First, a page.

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The lax labours of Lenten penance

GERALD WARNER says we have become too self-indulgent and casual with our pre-Easter duties.

LENT is a term that can be relied upon to bring a sensation of discomfort to Catholics. The reactions it provokes vary from ‘Oh no, is it that time of year already?’ or ‘Here we go again,’ to ‘What on earth am I going to give up this year?’

In the wider scheme of things, away from our own petty preoccupations about how to observe Lent, it is obviously of great importance to commemorate Our Lord’s Passion and death by entering into a period of self-mortification. The Church has always done so, but the ways in which it has fulfilled this obligation historically were far from being the seamless narrative that most people presume them to have been.

In the early days of the Church, while the pre-Easter fast was universally observed, that observance was far from uniform and many historians believe the 40 days’ fast was not of Apostolic institution. Instead, there seems to have been a perception of every Sunday as a kind of Easter and every Friday as a commemoration of Calvary. That was understandable when the date of Easter was a matter of dispute.

By 331, however, St Athanasius was enjoining his flock in Alexandria to fast for 40 days; but this was only a preliminary to a very severe fast in Holy Week. Our ancestors were no slouches when it came to self-mortification and if some of their prescribed periods of fasting appear short, that is probably because a longer participation in such severe self-denial would probably have killed them. Even in relatively modern times elderly people have an anecdotal recollection of ‘the Black Fast’ in Ireland.

By the early Middle Ages, in a society in which the majority of the population laboured on the land and fasting had reached health-endangering proportions, the need for some concessions was acknowledged. The most important were permission to drink water and the emergence of the concept of the ‘collation’—a snack not exceeding eight ounces–which today is relevant only to Ash Wednesday and Good Friday, the sole remaining feasts of fast and abstinence.

We have it incredibly easy, compared with even our recent ancestors. Of course, the slight mortifications prescribed by the Church today represent a minimal commitment: there is nothing to prevent a truly devout Catholic from fasting as hard as he likes in an earnest desire to share in the privations of Christ’s 40 days in the desert, to commemorate his Passion worthily.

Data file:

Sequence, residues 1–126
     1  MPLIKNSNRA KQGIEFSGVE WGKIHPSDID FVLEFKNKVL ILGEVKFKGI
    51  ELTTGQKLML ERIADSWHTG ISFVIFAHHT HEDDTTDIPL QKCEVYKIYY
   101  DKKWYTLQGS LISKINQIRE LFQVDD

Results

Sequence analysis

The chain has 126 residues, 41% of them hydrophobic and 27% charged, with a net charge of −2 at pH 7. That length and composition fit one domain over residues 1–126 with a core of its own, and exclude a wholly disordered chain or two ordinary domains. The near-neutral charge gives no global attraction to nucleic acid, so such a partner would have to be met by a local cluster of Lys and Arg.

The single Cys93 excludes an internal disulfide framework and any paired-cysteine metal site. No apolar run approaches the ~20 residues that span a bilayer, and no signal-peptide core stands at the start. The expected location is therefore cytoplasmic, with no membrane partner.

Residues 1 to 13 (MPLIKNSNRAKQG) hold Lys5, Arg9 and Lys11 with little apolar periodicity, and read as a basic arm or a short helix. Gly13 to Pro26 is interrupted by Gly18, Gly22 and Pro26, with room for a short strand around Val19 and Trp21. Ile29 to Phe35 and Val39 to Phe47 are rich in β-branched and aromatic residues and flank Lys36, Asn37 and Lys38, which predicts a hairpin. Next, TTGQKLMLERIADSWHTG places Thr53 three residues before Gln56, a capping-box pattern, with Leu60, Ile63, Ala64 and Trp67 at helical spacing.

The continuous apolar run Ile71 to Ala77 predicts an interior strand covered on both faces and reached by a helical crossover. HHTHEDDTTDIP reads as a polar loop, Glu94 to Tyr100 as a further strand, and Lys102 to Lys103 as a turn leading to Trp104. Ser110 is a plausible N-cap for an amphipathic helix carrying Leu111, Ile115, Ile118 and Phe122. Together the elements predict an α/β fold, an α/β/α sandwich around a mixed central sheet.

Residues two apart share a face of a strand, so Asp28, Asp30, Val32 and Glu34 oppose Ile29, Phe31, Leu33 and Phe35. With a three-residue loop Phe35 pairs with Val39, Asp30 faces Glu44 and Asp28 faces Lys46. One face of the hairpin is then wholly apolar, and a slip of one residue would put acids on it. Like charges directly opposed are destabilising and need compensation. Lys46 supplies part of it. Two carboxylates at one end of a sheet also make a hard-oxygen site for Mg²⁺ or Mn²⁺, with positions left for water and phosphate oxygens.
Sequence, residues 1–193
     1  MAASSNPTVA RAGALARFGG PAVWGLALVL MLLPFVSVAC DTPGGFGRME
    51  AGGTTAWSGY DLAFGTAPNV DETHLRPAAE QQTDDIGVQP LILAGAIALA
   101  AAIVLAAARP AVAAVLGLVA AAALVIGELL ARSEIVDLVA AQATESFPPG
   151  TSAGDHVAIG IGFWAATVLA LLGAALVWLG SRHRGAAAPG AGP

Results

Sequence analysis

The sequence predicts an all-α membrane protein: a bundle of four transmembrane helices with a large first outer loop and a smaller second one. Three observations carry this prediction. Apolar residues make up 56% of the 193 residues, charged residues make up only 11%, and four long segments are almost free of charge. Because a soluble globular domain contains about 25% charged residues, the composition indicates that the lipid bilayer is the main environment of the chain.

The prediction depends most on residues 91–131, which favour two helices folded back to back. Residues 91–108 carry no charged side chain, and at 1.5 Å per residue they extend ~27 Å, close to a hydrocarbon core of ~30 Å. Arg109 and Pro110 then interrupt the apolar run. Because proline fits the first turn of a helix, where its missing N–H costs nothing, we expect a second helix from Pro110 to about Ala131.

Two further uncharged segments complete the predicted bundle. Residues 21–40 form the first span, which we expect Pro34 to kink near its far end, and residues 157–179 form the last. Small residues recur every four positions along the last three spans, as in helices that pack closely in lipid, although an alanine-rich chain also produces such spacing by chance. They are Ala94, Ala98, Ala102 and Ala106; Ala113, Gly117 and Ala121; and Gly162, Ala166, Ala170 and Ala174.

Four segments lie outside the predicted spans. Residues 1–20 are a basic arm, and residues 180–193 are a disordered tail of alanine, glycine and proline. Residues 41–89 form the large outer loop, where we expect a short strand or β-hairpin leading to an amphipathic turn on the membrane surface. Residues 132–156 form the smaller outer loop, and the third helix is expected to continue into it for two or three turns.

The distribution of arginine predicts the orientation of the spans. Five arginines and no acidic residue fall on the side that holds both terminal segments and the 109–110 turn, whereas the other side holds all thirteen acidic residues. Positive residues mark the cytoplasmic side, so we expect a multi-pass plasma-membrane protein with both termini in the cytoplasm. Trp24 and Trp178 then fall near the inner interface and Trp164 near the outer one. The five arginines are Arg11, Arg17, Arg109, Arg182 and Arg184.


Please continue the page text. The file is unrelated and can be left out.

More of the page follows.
If we are honest with ourselves and confront the supposed problems of our 21st century Lenten observance in a critical spirit of self-derision, many of our experiences are verging on the comical. Sometimes the arrival of Ash Wednesday catches Catholics still undecided what to do for Lent. Then the decision is postponed to the First Sunday in Lent, when it is made untidily and Lenten penance begins unsatisfactorily.

Mostly these badly observed Lents arise from an unwise decision to do something ‘different’ this year. Why? If we have found a successful formula over, say, the previous three years, why do we feel the need to improvise? If, of course, it is out of a desire to be more severe with ourselves and undertake a more robust penance, then that is laudable and well-intentioned. But good intentions are not much use if we have failed to consider the practicalities of the proposed new regime.


If our Lenten penance clashes with family arrangements, or poses problems for someone else, we would do better to revert to the previous year’s unimaginative but proven regime. Every Catholic has experienced the phenomenon of a Lenten observance that almost seems jinxed. Somehow the intended penitential routine falls apart, leaving a feeling of failure and inadequacy, though the unsatisfactory situation may be due to external factors.

There is still every possibility of salvaging a good Lent. We can make a resolution to regroup and re-discipline ourselves on, for example, Passion Sunday, so that if we have a mediocre Lent we can still have a spiritually rewarding Passiontide. If all else fails we can at least attempt a strict observance of Holy Week, or even just the Sacred Triduum. It is never too late until Easter Sunday.

As for the vexed question of what penance to settle on for Lent, the classic formula remains a good one: do a negative and a positive, i.e. give up something (alcohol, sweets, etc) and do something extra (prayer, spiritual reading, etc). We must not deceive ourselves, though many of us do.

There is no point in eschewing alcohol if one habitually drinks just one glass of sherry a week. Charitably visiting an elderly person is good, unless it becomes evident the beneficiary is unsettled, bored or irritated by our presence. That is the important thing to remember: Lent is not about us.



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